2001: Generations looked forward to this year as the dawn of an idyllic Future where we'd all have flying cars and antiseptically clean apartments, Jetsons style. That vision may have turned out to be just a sci-fi fantasy, but the artists and designers of CCAC's "Utopia Now!" keep that old-fashioned idealism alive as they go about fixing the problems of our world today -- one invention, and one intervention, at a time.
Japanese architect Shigeru Ban is among the most critically acclaimed of the featured artists. His preferred building material is the cardboard tube: strong, lightweight, fire retardant, water repellent, and recyclable. Made of glued-together tubes on a foundation of sand-filled beer cases, and easily built by just one or two people, Ban's Paper Log House served as temporary shelter for numerous victims of Japan's 1995 Kobe earthquake. The show includes a complete, full-scale example.
Artist-activist Michael Rakowitz also designs shelters, but for a different group of displaced people. He collaborated with homeless New Yorker Joe Heywood on the paraSITE, an inflatable sleeping-bag-like structure that attaches to a building's outer ventilation duct, warming its occupant with hot exhaust. Heywood personally spent three freezing winters in the unit on display in the gallery.
Maybe it doesn't seem so utopian to live in a cardboard house or a plastic bag. But gone forever are the days when we could imagine a world free from social and ethnic tensions, overflowing landfills, urban decay, and memories of failed utopian experiments. "The word 'utopia' has been pretty much thrown out of any kind of meaningful debate," observes CCAC Institute Director Ralph Rugoff. "People blamed it for a lot of the disasters of the 20th century. All the utopias we knew, from the Nazi utopia to the Soviet utopia, were globalizing visions where everyone was supposed to live in the same way. But your utopia may not be mine."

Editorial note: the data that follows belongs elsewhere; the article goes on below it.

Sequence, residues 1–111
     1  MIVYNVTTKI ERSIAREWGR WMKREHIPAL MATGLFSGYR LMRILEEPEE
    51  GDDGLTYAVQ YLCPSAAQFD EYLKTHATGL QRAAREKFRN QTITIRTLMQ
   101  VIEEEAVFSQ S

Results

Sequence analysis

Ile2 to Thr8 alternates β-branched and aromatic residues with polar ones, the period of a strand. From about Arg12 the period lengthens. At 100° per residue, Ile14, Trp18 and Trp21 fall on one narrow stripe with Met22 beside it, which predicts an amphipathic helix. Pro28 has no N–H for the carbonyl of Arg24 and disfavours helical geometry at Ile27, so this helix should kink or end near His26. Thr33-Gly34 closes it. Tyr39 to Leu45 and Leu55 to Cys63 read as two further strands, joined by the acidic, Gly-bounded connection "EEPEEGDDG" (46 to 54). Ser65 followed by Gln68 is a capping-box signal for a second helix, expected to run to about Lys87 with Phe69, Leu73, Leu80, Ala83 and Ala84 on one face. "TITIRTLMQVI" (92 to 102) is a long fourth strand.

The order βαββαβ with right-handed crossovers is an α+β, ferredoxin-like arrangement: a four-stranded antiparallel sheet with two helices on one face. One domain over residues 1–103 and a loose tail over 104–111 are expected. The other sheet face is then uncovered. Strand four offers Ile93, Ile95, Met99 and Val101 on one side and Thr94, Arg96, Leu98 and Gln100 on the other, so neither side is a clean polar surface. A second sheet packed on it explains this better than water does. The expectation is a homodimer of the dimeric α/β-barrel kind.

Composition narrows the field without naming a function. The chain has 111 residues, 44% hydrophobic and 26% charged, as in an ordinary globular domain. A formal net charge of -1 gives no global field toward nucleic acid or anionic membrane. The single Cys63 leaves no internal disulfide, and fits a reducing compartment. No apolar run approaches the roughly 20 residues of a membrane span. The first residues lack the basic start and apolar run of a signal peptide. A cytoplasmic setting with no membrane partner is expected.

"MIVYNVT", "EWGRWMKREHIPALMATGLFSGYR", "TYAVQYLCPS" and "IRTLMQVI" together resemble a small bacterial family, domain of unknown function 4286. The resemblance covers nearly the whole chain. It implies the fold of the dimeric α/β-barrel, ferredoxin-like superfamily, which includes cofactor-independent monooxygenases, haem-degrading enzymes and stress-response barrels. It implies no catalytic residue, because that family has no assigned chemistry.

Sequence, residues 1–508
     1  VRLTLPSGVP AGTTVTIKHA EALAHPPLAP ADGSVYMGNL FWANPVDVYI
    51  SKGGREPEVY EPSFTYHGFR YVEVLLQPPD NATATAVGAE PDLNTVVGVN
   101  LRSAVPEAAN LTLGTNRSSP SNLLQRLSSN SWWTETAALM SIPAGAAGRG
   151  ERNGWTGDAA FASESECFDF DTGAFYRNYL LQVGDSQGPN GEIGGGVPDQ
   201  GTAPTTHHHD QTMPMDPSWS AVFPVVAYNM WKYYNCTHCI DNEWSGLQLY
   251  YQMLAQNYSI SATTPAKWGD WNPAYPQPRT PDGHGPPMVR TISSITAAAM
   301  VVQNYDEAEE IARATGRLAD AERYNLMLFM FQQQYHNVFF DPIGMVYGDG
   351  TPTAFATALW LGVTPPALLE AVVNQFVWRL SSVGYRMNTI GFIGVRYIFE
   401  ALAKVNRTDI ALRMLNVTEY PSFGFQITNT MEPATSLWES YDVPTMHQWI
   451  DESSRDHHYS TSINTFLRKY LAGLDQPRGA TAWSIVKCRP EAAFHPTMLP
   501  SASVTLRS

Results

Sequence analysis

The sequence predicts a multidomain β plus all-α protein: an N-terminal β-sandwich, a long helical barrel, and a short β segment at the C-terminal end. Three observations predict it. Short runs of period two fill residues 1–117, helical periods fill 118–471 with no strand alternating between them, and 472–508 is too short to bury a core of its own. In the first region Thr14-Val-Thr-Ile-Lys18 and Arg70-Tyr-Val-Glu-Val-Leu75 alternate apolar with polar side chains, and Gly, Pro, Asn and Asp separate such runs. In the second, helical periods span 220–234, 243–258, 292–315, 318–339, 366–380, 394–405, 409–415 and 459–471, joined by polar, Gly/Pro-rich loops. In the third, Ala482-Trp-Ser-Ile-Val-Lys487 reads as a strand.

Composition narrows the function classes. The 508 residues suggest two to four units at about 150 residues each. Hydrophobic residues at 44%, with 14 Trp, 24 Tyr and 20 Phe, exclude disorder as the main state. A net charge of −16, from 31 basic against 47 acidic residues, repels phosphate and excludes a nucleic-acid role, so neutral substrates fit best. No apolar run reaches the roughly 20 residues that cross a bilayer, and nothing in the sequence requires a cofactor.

For the artists in this show, Rugoff continues, "It's more about how one specific situation might be improved in one way or another. Something like Shigeru Ban's Paper Log House is a direct response to a dire situation. It's an intervention that accepts the world the way it is right now." The Danish art and design collective Superflex has developed a "biogas" unit that converts cow dung into enough usable gas to run a household's lights and stove. Torolab's White Noise film documents the use of discarded rubber tires and garage doors in Tijuana's low-cost housing. And subversive Spanish architect Santiago Cirugeda looks for loopholes in municipal building codes, finding new ways for urbanites to transform their ordinary apartments into architectural experiments.
A free two-day "Utopia Now!" symposium will be held November 2-3 in CCAC's Nahl Hall, beginning Friday with a lecture by Mark Dery, and continuing on Saturday with panel discussions and artist presentations by Nils Norman and members of Crimson, Raketa, Torolab, and Superflex.